"Repentance is no fun at all," observes Lewis (Mere Christianity). Amen. It's like praying the third petition of the Lord's Prayer - Thy will be done. Every time you pray it you're praying against yourself. Repentance works the same way. "Killing a part of yourself, undergoing a kind of death," says Lewis. This is what Luther calls the daily drowning of your old Adam in your Baptism. Although the cross of Christ is the most important one during Lent, he also places his cross on those who follow him. We need to hear Nathan's pronouncement: "You are the man." Fun? No, not really. But that's what we need. It's a bit like cleaning your house or your garage. It's no fun. No one really wants to do it; but once it's done you're glad you did it. It's cathartic. Confession and Absolution (among the other means of grace) is the workshop of the Holy Spirit. Through repentance and forgiveness of sins you are cleansed - not every spring when the dust gathers - but daily. Confession and Absolution...the catharsis of the Holy Spirit.
Christianity simply does not make sense until you have faced the sort of facts I have been describing. Christianity tells people to repent and promises them forgiveness. It therefore has nothing (as far as I know) to say to people who do not know they have done anything to repent of and who do not feel that they need any forgiveness. It is after you have realized that there is a real Moral Law, and a Power behind the law, and that you have broken that law and put yourself wrong with that Power - it is after all this, and not a moment sooner, that Christianity begins to talk. When you are sick, you will listen to the doctor. When you have realized that our position is nearly desperate you will begin to understand what the Christians are talking about. They offer an explanation of how we got into our present state of both hating goodness and loving it. They offer an explanation of how God can be this Person. They tell you how the demands of this law, which you and I cannot meet, have been met on our behalf, how God Himself becomes a man to save man from the disapproval of God. (Mere Christianity, Book I, ch. 5)
That is what causes angels in heaven to rejoice: sinners being brought to repentance. And yet repentance is never alone, something Luke and Acts consistently professes: repentance and the forgiveness of sins (also Mark 1..."repent and believe the Gospel!). They go together. The former leads to the latter. And you can't have one without the other. Just as you can't have Ash Wednesday without Good Friday and Easter Sunday...or Christ's death without the resurrection. In Christ we are brought back from the dead - that's why Confession is nothing but a return to our Baptism. Thus, in repentance...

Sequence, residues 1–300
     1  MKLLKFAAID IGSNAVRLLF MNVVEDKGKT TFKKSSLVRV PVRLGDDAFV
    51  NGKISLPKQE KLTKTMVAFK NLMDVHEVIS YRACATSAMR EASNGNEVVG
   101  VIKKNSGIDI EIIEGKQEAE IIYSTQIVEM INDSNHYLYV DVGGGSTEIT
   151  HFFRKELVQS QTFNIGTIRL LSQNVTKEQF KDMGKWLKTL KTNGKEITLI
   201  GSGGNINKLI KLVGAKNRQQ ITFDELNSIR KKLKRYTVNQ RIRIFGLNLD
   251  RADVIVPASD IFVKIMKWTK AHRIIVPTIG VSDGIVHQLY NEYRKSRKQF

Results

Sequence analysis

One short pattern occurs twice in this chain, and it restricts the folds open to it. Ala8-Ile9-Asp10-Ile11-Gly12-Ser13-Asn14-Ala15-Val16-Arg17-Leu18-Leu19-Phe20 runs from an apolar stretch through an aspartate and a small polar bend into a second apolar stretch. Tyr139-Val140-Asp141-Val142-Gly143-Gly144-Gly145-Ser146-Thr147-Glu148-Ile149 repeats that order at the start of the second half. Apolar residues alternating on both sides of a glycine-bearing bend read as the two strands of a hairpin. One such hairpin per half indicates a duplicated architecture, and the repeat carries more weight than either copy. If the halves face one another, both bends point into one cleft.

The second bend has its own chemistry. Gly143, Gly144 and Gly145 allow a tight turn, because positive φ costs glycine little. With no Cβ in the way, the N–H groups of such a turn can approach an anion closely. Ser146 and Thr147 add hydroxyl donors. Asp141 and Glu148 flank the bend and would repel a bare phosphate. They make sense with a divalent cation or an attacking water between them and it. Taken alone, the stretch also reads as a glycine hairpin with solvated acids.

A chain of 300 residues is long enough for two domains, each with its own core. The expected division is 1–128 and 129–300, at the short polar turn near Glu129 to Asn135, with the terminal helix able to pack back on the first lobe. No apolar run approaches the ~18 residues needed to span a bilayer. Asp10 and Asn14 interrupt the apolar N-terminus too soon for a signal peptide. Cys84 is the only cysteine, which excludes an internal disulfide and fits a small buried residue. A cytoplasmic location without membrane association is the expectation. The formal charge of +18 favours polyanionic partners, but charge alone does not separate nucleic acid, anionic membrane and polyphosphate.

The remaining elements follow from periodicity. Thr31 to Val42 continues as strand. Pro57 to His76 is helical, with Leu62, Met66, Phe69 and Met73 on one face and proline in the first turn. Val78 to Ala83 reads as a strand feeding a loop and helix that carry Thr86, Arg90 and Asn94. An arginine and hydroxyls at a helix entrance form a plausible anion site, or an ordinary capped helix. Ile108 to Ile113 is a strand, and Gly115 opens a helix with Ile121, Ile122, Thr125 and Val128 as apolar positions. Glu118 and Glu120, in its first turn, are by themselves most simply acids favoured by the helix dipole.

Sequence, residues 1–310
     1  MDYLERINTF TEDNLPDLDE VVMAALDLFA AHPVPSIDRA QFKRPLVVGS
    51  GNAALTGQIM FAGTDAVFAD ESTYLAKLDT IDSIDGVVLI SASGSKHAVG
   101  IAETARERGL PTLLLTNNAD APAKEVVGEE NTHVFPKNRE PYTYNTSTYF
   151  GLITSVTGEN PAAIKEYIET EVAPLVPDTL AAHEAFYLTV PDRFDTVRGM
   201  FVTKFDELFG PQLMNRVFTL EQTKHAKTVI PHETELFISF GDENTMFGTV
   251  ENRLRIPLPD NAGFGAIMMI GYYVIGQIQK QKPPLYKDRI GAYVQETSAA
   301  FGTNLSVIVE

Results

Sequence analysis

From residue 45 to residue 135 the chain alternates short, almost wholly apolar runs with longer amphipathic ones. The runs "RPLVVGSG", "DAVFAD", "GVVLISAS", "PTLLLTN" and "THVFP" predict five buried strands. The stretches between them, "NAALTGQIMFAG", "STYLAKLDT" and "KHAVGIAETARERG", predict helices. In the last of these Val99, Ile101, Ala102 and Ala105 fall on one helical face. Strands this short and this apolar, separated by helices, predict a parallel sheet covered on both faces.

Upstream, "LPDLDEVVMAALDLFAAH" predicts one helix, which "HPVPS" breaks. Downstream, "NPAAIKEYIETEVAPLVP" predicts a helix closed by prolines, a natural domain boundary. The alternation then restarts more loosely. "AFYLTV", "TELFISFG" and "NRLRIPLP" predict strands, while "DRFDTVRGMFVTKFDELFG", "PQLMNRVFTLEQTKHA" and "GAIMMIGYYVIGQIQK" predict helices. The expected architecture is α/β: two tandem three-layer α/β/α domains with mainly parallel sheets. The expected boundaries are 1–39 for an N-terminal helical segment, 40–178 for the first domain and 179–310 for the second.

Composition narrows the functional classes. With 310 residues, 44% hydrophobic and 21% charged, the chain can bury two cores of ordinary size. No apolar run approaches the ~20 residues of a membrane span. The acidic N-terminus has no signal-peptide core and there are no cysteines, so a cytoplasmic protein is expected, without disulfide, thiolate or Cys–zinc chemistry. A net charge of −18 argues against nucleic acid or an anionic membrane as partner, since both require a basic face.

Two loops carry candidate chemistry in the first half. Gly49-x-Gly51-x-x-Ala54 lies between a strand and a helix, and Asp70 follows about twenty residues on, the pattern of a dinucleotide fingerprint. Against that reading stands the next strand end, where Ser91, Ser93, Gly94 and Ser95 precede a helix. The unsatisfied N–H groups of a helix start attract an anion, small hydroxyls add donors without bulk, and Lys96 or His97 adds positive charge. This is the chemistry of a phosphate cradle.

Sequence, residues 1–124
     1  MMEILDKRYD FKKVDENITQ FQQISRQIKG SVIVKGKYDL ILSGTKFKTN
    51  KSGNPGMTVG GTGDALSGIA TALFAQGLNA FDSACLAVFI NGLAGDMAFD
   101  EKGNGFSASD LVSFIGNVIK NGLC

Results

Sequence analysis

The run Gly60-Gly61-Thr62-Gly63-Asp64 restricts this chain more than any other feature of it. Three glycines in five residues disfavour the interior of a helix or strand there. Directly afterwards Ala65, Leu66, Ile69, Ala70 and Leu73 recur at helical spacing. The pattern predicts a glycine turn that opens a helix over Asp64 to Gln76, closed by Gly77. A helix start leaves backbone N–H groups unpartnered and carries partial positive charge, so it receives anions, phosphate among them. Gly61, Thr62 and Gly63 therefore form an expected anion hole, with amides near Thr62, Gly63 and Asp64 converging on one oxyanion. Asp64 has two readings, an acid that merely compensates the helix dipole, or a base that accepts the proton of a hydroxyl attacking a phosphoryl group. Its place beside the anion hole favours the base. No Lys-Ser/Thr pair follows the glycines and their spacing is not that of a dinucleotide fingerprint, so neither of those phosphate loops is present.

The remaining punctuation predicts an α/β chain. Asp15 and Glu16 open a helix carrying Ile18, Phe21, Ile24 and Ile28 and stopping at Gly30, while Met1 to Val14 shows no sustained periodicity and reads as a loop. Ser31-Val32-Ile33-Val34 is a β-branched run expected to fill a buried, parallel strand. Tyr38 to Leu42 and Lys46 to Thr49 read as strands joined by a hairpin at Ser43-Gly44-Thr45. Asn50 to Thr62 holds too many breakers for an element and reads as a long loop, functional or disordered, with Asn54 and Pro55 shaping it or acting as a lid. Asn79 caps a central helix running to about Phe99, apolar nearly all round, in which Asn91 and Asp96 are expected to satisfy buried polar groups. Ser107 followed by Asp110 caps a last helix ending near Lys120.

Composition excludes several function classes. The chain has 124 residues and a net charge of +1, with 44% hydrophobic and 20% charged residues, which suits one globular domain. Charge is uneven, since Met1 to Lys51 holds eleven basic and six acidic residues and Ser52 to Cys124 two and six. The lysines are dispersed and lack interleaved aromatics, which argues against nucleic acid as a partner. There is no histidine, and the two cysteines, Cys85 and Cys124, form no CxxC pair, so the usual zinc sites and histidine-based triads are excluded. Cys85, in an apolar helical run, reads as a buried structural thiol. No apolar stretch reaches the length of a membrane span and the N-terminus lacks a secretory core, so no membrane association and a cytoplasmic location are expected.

He puts a little of His own love into us and that is how we love one another. When you teach a child writing, you hold its hand while it forms the letters: that is, it forms letters because you are forming them, We love and reason because God loves and reasons and holds our hands while we do it. (Mere Christianity, Book II, ch. 4)
For as much as you need repentance, you need forgiveness even more. This is God's love for you in Lent (and all year round). God's love in working repentance in you. God's love for you all the more in the forgiveness of sins. Oh wondrous Love, what have you done! The Father offers up His Son (Paul Gerhardt, LSB 438). Just like Lent, through repentance and forgiveness - Confession and Absolution - Christ brings us through death to life by His own life and death and resurrection. And as much as the angels in heaven delight in repentant sinners, how much more then, does our heavenly Father rejoice in welcoming forgiven sinners back into his arms. For it was the delight and joy of the Son to reconcile the world to the Father through his blood shed on the cross. Yes, there is joy in heaven over repentance but there is even greater joy in the forgiveness of sins.